The lowest place on Earth isn’t some big, barren hole—it’s the cool, clear waters of the Dead Sea. Since the extreme saltiness of the water prevents any fish or plants from surviving in the sea, this is not a good place for snorkeling or scuba diving, so leave your gear at home.
However, the high salinity does the water dense, making your body lighter and causing you to float along with ease. Have you ever seen a picture of someone reading a newspaper while floating in the water, as though there were an invisible recliner under them? Well, the Dead Sea is where you can do just that.
Just an hour west of Amman, you can easily visit the Dead Sea on a day trip. But if you’re in the mood to be pampered with a Dead Sea mud treatment or invigorating salt massage, consider overnighting at one of the waterfront resorts and spas.
Visit some of the best-preserved Roman ruins in the world
About 90 minutes north of Amman is Jerash, the best-preserved example of a Greco-Roman provincial city in the entire Middle East. Sometimes referred to as the “Pompeii of the Middle East,” this is a massive collection of hilltop temples, soaring pillars, ancient baths, plazas, shops, and amphitheaters that require at least a few hours to explore. The site is also home to one of the oldest unbroken chains of human occupation, dating back over 6,500 years.
While you’re in the north, head 30 minutes west of Jerash to Ajloun Castle, which was originally built to ward off Crusader armies and then served as a key trade and pilgrimage intersection between Mecca, Jerusalem, Cairo, and Damascus. For a quick bite to eat in Ajloun, swing by Summaga Café, a female-run farm-to-table restaurant that creates employment opportunities for women in the region and sources organic produce from 25 local farms.
Go on a wild ride in the Wadi Rum Desert
It’s very possible that you’ve seen Jordan’s famous Wadi Rum Desert on the big screen without even realizing it. The out-of-this-world, Martian-like landscape has appeared in countless blockbuster movies including Dune, Star Wars, Aladdin, and The Martian, and the perfect way to explore the desert is through a Jeep tour led by local Bedouin guides.
On 4x4 Jeeps, you’ll power through the endless sands past awe-inspiring cliffsides, following in the footsteps of Lawrence of Arabia. Within this UNESCO World Heritage Site, Jeeps stop frequently so you can climb the dunes, scramble across rock bridges, discover rock inscriptions and narrow gorges, and pose for selfies with impossibly photogenic camels.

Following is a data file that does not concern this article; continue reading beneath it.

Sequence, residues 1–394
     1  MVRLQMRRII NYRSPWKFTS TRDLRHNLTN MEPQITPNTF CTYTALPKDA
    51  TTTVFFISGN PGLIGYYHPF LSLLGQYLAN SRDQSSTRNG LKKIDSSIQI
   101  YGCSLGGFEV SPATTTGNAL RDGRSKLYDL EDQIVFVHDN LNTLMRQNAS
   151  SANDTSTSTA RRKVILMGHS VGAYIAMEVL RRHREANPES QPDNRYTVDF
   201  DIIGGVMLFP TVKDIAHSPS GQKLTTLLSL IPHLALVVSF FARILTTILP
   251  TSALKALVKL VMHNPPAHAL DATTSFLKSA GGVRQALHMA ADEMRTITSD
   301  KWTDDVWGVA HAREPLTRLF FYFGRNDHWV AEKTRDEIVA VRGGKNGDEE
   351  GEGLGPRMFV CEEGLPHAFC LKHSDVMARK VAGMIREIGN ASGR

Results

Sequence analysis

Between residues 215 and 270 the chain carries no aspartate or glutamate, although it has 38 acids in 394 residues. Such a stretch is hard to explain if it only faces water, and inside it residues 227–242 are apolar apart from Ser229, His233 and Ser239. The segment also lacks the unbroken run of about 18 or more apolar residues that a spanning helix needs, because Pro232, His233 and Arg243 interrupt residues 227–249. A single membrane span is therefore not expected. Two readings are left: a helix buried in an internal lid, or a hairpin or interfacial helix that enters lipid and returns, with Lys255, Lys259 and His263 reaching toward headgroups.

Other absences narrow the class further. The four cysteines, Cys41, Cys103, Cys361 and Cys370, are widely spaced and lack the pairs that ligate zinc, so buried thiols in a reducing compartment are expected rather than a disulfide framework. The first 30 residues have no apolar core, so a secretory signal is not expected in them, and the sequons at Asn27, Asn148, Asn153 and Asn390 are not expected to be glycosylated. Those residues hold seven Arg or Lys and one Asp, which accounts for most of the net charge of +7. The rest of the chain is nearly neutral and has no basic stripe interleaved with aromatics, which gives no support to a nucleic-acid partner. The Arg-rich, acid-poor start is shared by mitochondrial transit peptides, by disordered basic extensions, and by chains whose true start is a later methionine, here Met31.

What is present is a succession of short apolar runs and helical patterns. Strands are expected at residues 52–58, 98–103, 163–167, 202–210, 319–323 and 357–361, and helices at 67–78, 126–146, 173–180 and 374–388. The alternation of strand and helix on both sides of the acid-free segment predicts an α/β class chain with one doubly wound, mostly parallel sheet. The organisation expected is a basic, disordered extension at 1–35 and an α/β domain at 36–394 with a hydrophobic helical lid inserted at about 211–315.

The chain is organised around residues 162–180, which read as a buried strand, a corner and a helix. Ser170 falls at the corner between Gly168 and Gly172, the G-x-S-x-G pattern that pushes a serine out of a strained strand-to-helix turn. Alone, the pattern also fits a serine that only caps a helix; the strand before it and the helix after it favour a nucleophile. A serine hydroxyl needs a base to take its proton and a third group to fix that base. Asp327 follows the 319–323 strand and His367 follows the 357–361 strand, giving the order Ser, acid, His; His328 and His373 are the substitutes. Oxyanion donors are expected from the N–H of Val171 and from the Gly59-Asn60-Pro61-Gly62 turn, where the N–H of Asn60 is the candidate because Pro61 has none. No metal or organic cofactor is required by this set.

Snorkel above sunken airplanes in the Red Sea
The Dead Sea might be the most famous sea in Jordan, but it definitely isn’t the only one worth visiting. Jordan’s section of the super salty Red Sea is located in Aqaba, about an hour southwest of Wadi Rum. As one of the hottest regions in the country, it’s the perfect place to relax on the beach and swim, snorkel, or scuba dive to escape the extreme heat that generally tops 90 degrees by April.
Scuba divers will be treated to countless eel-occupied ship wrecks and coral reefs, but even snorkelers can view the sunken airplane at the Hercules dive site. However you get out in the water, you’re sure to encounter a huge variety of brightly-colored fish darting past.
Explore one of the Seven Wonders of the World
By far, Petra is the most popular attraction in Jordan. It’s so magnificent that some travelers even visit during a (very long!) day trip from neighboring Israel and Egypt. Given how much there is to see and do in Jordan, a day trip simply doesn’t do the country—or Petra—justice but the fact that so many travelers are willing to spend 10 hours on a bus just to have a few hours in the ancient red rose city speaks to how truly breathtaking it is.
Enter through the Siq (Petra’s main entrance), which guides you through a narrow, ¾-mile gorge to the majestic Treasury, made world-famous by Indian Jones movies. More adventurous travelers may want to hike in through Petra’s “back door”, which offers impressive views of soaring canyons, tree-topped mountains, and deep valleys before arriving at the Monastery.
The Treasury and Monastery are the two most impressive buildings in Petra (prepare to walk at least seven or eight miles to visit both) but one could easily spend several days exploring the lesser-known remnants of this Nabatean masterpiece.